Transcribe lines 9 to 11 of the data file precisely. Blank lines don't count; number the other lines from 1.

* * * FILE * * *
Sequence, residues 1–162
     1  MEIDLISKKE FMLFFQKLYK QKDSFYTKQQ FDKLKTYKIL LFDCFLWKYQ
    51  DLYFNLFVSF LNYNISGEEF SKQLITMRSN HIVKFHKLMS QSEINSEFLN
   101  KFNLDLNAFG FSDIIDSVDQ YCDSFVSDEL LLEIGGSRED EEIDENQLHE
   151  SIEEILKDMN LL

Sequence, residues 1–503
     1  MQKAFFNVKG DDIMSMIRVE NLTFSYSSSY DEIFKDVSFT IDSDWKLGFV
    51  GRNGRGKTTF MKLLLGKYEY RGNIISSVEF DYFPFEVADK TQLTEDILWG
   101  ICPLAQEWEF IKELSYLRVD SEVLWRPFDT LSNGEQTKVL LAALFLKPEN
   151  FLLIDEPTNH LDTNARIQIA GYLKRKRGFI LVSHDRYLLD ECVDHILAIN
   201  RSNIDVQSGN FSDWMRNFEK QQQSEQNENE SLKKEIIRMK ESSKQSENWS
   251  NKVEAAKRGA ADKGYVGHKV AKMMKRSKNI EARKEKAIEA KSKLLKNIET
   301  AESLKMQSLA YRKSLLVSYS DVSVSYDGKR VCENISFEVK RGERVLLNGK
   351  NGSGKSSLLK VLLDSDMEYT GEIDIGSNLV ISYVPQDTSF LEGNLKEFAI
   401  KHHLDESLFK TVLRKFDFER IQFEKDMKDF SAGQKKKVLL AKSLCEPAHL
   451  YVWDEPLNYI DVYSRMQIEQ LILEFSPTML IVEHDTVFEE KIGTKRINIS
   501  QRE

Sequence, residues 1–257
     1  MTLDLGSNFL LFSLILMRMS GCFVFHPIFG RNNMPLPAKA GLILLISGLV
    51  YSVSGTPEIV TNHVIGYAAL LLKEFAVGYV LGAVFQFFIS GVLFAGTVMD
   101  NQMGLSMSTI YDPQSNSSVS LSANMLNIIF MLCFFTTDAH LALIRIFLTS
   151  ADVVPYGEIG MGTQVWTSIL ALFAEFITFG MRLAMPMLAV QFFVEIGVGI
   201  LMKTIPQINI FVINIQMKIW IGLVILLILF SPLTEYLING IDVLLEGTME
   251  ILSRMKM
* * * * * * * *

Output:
   101  ICPLAQEWEF IKELSYLRVD SEVLWRPFDT LSNGEQTKVL LAALFLKPEN
   151  FLLIDEPTNH LDTNARIQIA GYLKRKRGFI LVSHDRYLLD ECVDHILAIN
   201  RSNIDVQSGN FSDWMRNFEK QQQSEQNENE SLKKEIIRMK ESSKQSENWS